October 22, 2007
Elaine Meinel Supkis
California is very lenient when it comes to building for bad weather or earthquakes. For example, steel roofs are not mandated for everyone. These work well in earthquakes and fires. Housing exteriors in fire areas which happens to be most of California, should be completely fireproof. The best materials, adobe, are not safe in earthquakes, though. The Santa Ana winds are a regular event and these fires happen like clockwork. There should be many changes in the way people live in California but I doubt anything will change.
Southern California Brush Fires. Television News Photography of a fire I covered which began in the Summit Valley area of the Cajon Pass on Interstate 15 and spread to Oak Hills, located between San Bernardino and Victorville. County, City, California Department of Forestry and US Forest Service response. Some of the largest flame lengths I have ever shot up close, it was HOT! Great example of why brush clearance near to homes is so helpful. Original shot on SVHS-C; 6:36 length, 1 edit for youtube, the rest is uncut. Aired KCBS2, KABC7, KCAL9, KCOP13, ABC Network News, etc. Copyright Larry R. Erickson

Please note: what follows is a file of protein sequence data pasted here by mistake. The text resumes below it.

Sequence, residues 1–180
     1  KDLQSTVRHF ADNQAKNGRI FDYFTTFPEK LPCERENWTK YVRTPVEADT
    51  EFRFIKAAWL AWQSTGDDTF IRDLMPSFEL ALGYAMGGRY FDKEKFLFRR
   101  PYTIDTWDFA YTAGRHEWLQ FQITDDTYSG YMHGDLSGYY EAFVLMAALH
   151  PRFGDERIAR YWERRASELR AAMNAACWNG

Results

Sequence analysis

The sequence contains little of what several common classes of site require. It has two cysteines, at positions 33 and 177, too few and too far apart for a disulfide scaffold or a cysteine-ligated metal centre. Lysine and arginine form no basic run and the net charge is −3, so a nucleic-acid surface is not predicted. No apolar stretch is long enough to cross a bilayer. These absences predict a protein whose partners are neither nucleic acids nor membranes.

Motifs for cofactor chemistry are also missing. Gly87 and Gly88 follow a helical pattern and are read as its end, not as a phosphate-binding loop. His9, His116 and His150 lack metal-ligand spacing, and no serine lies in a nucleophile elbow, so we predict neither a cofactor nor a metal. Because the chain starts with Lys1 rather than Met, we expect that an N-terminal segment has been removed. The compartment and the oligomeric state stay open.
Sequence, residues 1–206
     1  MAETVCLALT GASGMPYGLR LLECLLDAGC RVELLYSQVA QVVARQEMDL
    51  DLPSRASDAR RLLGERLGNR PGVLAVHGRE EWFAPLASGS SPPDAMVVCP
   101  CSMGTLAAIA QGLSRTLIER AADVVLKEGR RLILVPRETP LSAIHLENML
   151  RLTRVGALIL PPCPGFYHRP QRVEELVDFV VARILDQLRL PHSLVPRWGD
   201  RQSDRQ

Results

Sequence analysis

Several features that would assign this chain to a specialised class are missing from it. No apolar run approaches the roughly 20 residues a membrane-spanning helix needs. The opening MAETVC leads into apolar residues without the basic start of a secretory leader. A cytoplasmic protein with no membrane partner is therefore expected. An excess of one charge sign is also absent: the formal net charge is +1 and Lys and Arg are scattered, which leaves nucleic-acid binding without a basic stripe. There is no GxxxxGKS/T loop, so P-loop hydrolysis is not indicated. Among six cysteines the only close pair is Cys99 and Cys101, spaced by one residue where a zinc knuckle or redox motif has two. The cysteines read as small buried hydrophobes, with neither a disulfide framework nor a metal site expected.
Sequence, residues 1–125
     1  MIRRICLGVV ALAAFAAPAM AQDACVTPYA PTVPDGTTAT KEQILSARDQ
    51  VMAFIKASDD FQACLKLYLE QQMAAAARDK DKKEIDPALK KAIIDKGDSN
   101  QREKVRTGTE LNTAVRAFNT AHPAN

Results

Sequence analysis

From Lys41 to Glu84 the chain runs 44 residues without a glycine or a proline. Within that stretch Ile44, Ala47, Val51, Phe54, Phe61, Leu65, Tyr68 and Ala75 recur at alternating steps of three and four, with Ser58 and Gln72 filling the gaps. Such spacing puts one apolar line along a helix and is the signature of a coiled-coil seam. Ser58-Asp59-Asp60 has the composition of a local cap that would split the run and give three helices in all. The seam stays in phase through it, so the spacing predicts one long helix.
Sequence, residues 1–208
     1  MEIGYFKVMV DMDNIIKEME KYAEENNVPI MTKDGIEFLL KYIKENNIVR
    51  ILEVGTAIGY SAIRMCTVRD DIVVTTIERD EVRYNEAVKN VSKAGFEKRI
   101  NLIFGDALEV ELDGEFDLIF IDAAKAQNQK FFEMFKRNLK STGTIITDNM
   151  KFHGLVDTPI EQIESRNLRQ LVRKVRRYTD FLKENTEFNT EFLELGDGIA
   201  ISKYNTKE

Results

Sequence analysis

I don't know if this is from the latest fires. It looks like it might be. All the fires in California when the hot winds blow, are very explosive. Year after year, the same thing happens to the same places. But not exactly the same places. Since the fires that happened six months or two years earlier have burned out most of the big brush and kindling, the new fires are in slightly new neighborhoods which were missed in earlier firestorm events.
My family has lived in California ever since we took it via warfare, from Mexico. We have lived through many firestorms and earthquakes. Generally speaking, the most common way of dealing with this is to ignore it and then run like hell when it happens. This was OK 130 years ago. Today, the place is mobbed with people and running away is problematic.
I watched the fires this last 24 hours on You Tube. One person took his little child out to film the fires! He and his son stood around as fire engines roared up their cul de sac road and then turn around. Then the flames leaped over the hills and the man stood at a gas station, filming this and chatting with his child! Gah! Talk about insanity. Meanwhile, cars cluttered the streets and made the fire engines crawl along. In many places, people act like this is normal and so they don't get out of the way of the fire fighters. But the nature of these fires in such violent winds is, it can suddenly happen a mile down the road!